I'm so glad to see this story picked up here too! I live in the Ortega’s neighborhood, about 10 houses down from their street. My next door neighbors on both sides heard the gunshots, but we did not hear them as we’d gone to bed. But the massive number of emergency vehicles and flashing lights passing our house woke us up, and the next morning, there was a thick acrid, greasy smell in the air. Pardo not only shot this family execution-style, he had fashioned a homemade flamethrower and torched everything to keep those not shot from escaping. The fire was huge and intense, but some kids escaped jumping from second story windows and retreating to neighbor’s homes. First thing that monster did was shoot the 9yro girl who answered the door in the face. (Remarkably, she lived.) Thirteen children were orphaned that night.
It was a horrible, surreal experience. We didn’t know the Ortegas, but it was deeply disturbing to think THAT happened *here*. Not some other part of the country, some other city, some other PART of the city, even–HERE. We listened in horror to the news radio on the hourlong drive as the body count grew. Later, we had the surreal experience of watching national news correspondents walking down a street in our neighborhood in special news reports. We also had the disturbing realization that that monster had to have driven past our house twice that night.
What was worse was in the days and weeks following, our neighborhood was barraged by news vans, helicopters, and worst of all, looky-loos. A friend of mine who lived on the corner of that street had people (as in, more than one) *knock on the door to ask directions.* She and her husband said they reached a point they just wanted to stand on the corner and direct traffic toward the street. I meanwhile wanted to put freakin’ spike strips down.
But, it brought our neighborhood together—we tied orange ribbons to trees and posts in community unity (Covina used to be an orange grove), knocked on doors and shared our horrified reactions, baked friendship bread and passed it along, conducted both public and private fundraisers.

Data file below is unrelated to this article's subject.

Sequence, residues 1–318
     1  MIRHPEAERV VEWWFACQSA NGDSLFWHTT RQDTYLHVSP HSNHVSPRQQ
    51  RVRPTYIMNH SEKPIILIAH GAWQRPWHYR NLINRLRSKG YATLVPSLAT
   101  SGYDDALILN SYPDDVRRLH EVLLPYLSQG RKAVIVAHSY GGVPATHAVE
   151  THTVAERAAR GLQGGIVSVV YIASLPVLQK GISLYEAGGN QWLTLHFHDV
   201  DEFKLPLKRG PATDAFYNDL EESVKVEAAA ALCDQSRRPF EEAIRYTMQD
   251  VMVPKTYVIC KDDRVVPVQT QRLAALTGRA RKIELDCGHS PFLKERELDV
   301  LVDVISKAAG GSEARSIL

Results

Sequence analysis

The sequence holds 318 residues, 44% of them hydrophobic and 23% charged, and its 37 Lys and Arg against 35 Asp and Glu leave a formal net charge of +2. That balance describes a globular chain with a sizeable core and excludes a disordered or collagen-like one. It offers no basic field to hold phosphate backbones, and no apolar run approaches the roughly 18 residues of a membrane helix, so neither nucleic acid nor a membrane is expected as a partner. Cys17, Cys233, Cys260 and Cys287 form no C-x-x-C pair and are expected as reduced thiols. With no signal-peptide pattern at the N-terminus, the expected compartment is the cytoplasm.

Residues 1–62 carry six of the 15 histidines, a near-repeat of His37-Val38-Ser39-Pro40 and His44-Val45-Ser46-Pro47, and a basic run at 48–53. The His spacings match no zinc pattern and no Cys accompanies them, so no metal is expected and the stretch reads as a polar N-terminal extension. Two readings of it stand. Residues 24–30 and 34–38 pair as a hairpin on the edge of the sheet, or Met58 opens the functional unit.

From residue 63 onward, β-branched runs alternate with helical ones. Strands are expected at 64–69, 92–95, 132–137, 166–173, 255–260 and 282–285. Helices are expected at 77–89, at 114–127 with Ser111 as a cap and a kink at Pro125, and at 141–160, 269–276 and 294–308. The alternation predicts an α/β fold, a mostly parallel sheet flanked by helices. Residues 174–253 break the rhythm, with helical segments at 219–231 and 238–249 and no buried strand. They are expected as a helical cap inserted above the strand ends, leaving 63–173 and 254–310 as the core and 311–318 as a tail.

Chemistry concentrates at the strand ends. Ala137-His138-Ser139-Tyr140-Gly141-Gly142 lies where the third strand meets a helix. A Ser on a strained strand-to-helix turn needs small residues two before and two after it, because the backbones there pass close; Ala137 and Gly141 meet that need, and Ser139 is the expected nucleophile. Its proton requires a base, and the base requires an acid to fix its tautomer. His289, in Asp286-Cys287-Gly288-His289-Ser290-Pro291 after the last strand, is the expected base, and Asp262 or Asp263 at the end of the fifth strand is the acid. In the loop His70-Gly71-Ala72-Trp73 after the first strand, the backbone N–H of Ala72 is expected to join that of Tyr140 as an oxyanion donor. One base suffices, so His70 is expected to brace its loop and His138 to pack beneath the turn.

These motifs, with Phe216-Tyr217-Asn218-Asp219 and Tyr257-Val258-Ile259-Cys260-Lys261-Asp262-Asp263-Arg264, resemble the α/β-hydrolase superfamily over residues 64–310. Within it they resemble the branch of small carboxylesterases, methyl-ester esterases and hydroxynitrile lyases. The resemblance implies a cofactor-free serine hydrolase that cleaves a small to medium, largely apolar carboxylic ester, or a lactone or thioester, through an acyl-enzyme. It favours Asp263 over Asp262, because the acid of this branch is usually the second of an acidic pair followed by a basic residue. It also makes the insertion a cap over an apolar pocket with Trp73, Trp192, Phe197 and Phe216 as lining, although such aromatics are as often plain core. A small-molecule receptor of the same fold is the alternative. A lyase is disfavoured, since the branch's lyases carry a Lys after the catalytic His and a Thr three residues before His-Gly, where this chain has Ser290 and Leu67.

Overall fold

The house has long since been bulldozed, but the scarred lot remains. I pass it often as it’s part of one of my regular dog walking routes. A simple privacy fence is in place, but you can still see the emptied pool and slide through the screen. Every Christmas, a neighbor sets out the lighted reindeer the Ortegas always had out, some of the few salvaged items from the home. Sometimes candles and other memorial items line the privacy fence in the driveway.
I didn’t know about their connection to Return Of The King until he ran at SA. And, like many I think, it didn’t even occur to me that his future may be as dark as it became. A surviving brother (James) had inherited him and this was the first time he ran under his name. When I saw ROTK on AHR’s Facebook page and the story connected, I freaked—I instantly remembered him (his name *had* seemed familiar) and I started tagging locals and friends. My husband teaches where a lot of the Ortega kids went to school, and a teacher friend had many of the kids. She in turn tagged the kids in the post so they could see. I’m thrilled to read the LA Times story that they have heard about this and plan to see ROTK before he moves on to his new home.
I felt the need to do SOMEthing as a local resident, so I called the local paper a few times and finally got in contact with a very interested reporter a week after ROTK was rescued. I shared names, contact information, everything I had. This paper just ran a “Five Years Later” story this past Christmas on the massacre, and this horrible event still reverberates through our community. I thought maybe they’d passed on it when I saw the LA Times article, but AHR tells me one is in fact in the works with our paper. Hope so! I’ll link it here when it comes out.
Return of the King won for the Ortegas just two weeks after the massacre. I remember it making all the papers, and how Santa Anita ran a fundraiser for the family a month later. It’s horrific the horse came to this place, but it’s beautiful that he has been rescued and retirement awaits him. He is the living reminder of the darkest parts of human nature, both human on human and human on animal, yet he also is the embodiment of courage, strength, endurance, and hope.
Wow. What a story. The photo of him is precious. Poor horse. Going place to place, wondering what it's all about, until sore and sad he ends up at auction. SO GLAD Megan Gaynes got him and that his breeder is going to take him home.